Written by: Thommy Hutson, Catherine Trillo
Directed by: Brett Simmons
Starring: Joey Lauren Adams, Elizabeth Gillies, and Keke Palmer
Reviewed by: Brett Gallman
Fear lives in the dark.
Animal is an antidote for the notion that horror films need be reflexively self-aware when confronting brazen familiarity. Itís a cabin-in-the-woods movie that seeks to reclaim the premise from the domain of smart-asses and return it to a more natural habitat that breeds dopey victims and gore instead of clever commentary. Note that this isnít an inherent criticism but merely an observation: sometimes, you really just want to watch a monster eat dummies in the woods. Animal delivers this with ruthless competence.
How insistent is Animal on adhering to the basics? Letís just say itís essentially Pumpkinhead without a backstory. Or, hell, any story. Five friends head off into the woods. One discovers a curiously half-buried Army knapsack before a razor-toothed monster emerges from the woods and rips one of them to shreds. The rest flee to a conveniently placed cabin, where they join another group of fellow survivors and look to fortify the ramshackle place against the creatureís further attacks.
Obviously, Animal is remarkably lean, with its group dynamics effectively reducing everyone to the sum of their relationships with each other. This Guy is That Girlís boyfriend, while That Other Guy is That Girlís brother. The Single Guy functions as a fifth wheel, though it is worth noting that heís an uncloseted gay man, which feels like progress. Also noteworthy is how this group isnít completely unbearable: with so many movies taking the diametrically opposite approach from The Cabin in the Woods by populating themselves with insufferably broad caricatures and lame, hyper-ironic humor, itís refreshing to see one that resists this temptation by dialing things back. Itís a dumb creature feature that doesnít know itís a dumb creature feature because itís at least trying to be a good, dumb creature feature. Having characters and actors that donít actively court disdain goes a long way in accomplishing that, and co-leads Elizabeth Gilles and Keke Palmer are solid anchors in underwritten roles.
The rest of director Brett Simmonsís efforts are hit-and-miss, with the decision to craft a practical monster representing a much-needed hit. However, you quite literally miss this creature thanks to some low-lit, shaky camerawork that renders the proceedings a bit nauseating and obscure. Such an approach doesnít even seem to be in the service of concealing the monster since Simmons provides a decent, early glimpse of it before reducing it to a jigsaw puzzle with jagged editing and hand-held photography. What we see of it is a nice throwback to the man-in-suit era, its rubber practicality a welcome sight for eyes that have been too often trained on unsightly digital monstrosities. The Gary Tunnicliffe designówhich crossbreeds Pumpkinhead with the creature from Feastóisnít all that distinctive, but it hardly deserves being so obscured alongside the slick gore effects. Nobody enters a funhouse with the intention of wearing a blindfold, after all.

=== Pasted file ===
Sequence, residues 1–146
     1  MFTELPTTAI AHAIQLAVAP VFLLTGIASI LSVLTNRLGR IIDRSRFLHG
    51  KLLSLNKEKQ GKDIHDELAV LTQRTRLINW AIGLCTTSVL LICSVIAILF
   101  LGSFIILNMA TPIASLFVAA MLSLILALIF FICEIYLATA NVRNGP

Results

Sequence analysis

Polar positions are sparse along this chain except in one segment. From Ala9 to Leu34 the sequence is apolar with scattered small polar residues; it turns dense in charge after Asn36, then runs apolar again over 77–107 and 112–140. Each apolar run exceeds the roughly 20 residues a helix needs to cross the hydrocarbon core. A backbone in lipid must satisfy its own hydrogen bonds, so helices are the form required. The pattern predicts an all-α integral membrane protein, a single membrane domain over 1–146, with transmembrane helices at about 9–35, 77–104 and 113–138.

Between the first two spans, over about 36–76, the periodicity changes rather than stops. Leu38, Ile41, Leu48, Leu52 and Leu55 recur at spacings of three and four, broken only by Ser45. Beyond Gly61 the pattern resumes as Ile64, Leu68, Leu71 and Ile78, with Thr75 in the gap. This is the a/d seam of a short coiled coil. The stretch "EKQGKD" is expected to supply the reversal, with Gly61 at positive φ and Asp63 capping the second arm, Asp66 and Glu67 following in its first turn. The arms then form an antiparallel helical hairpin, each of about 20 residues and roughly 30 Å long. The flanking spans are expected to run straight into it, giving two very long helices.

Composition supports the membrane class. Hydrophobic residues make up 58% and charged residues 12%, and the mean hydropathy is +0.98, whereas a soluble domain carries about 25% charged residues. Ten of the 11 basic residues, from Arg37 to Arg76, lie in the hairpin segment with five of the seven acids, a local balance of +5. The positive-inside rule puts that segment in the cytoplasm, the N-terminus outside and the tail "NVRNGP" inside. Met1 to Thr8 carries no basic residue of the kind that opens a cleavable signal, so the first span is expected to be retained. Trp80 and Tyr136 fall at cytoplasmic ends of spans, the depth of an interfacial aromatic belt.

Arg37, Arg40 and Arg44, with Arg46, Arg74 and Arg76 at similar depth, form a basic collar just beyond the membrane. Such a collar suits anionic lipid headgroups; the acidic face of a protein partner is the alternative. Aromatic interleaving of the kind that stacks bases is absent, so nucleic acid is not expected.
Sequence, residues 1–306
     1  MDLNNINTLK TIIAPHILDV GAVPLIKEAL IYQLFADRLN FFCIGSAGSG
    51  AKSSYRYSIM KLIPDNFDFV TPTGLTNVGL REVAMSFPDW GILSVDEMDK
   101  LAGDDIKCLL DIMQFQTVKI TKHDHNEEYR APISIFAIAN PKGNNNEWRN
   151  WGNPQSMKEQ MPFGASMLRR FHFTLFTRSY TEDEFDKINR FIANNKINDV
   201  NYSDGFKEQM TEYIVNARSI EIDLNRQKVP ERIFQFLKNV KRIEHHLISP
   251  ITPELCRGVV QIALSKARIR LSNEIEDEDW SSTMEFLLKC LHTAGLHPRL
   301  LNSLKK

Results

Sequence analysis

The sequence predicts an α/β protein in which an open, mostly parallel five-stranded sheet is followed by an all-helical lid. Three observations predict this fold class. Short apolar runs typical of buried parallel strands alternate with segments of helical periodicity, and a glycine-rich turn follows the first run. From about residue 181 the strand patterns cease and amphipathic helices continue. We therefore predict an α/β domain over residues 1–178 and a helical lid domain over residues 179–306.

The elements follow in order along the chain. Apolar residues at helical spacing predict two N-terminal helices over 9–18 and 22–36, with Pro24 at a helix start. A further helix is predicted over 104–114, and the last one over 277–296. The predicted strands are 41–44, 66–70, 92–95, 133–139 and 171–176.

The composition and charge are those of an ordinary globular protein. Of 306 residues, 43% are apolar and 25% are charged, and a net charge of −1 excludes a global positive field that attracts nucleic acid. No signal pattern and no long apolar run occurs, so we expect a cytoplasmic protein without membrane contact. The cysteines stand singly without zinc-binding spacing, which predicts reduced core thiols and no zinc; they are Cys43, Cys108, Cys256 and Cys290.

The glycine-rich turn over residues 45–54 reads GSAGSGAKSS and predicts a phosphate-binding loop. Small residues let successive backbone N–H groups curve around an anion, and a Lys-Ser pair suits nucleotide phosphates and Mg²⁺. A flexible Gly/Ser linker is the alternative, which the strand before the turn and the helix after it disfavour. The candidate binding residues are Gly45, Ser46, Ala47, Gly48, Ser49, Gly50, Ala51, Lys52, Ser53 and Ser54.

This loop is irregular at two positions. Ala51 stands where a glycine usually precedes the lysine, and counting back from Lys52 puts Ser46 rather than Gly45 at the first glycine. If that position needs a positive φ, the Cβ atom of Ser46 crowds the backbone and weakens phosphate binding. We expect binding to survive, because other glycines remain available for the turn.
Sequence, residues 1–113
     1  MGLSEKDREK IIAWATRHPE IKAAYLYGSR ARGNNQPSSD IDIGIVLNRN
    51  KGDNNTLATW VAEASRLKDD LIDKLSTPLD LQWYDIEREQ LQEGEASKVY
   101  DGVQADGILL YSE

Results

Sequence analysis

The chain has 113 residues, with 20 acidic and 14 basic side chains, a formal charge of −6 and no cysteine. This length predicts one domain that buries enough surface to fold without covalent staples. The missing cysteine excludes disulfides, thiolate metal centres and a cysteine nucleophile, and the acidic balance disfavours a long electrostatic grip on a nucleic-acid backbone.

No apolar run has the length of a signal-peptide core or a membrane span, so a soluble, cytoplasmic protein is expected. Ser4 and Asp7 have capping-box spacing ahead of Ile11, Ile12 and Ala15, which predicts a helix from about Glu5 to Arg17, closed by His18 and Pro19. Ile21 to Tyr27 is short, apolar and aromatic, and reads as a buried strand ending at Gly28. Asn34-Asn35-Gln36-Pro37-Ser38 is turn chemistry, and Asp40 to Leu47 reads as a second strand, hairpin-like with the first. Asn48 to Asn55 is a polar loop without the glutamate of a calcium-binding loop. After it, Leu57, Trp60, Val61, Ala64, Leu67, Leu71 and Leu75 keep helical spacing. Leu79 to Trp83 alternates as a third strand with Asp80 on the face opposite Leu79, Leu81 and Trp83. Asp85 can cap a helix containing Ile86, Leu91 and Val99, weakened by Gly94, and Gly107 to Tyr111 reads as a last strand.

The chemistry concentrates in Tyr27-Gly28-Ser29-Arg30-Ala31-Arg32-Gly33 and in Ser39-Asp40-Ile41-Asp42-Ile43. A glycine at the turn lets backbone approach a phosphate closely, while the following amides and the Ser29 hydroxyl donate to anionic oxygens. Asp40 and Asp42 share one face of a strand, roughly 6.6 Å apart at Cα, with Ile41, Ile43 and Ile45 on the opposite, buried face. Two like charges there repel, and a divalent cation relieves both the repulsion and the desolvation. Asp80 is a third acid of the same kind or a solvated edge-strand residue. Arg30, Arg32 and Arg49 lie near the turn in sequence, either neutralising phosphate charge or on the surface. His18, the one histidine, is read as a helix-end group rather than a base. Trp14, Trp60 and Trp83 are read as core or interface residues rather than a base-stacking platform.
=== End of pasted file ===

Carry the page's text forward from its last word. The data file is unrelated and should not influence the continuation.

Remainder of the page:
When the creature isnít terrorizing the cast, theyíre predictably terrorizing each other. Joey Lauren Adams and on-screen husband Thorsten Kaye represent the voice of reason among the adult set, while Douglas (Amaury Nolasco) is the hot-tempered dissenter who sees his fellow survivors as a practical means of escape. Heís an agitator who pushes the group into some bad decisions and serves as the Real Villain, as these sorts often do. An especially nasty variation on this familiar theme, Nolasco at least provides one of the few startling moments during a surprising turn of events that left me momentarily jolted. In a film where gore is plentiful (a giant monster tearing victims to shreds will do that), itís surprising that it manages a genuine shock, even if that moment isn't given a chance to linger (a giant monster tends to cause that, too).
Less surprising is that there are precious few other surprises, save perhaps for Drew Barrymoreís name popping up in the credits. Unless you count the general competence of Animal, of course: what does it say about this sub-genre that a film can just take itself seriously and deliver decent practical effects and be hailed as somewhat refreshing? It certainly says more about the situation than it does about Animal itself, a film thatís as purposely lean and generic as its title suggests. It moves, it feeds, and it leaves the door open for a sequel.
If a follow-up happens, one would assume itíll follow in this filmís footsteps by airing on Chiller. Between Animal and Beneath, the station has become something of a safe haven for creature features, and Scream Factory has done a fine job in further preserving them on home video. Arriving on Blu-ray with a solid presentation (its transfer is generally fine but canít shake the flat, digital HD aesthetic of many Chiller productions), it's supplemented by an audio commentary from Simmons, a behind-the-scenes featurette, two trailers, and reversible cover art.
While Animal doesn't bear the torch for the resurgence of this genre, it at least reveals a path away from the hyper-ironic dregs of SyFy originals. For that, I'll even let its undeserved swiping of John Carpenter's signature credits slide. Rent it!
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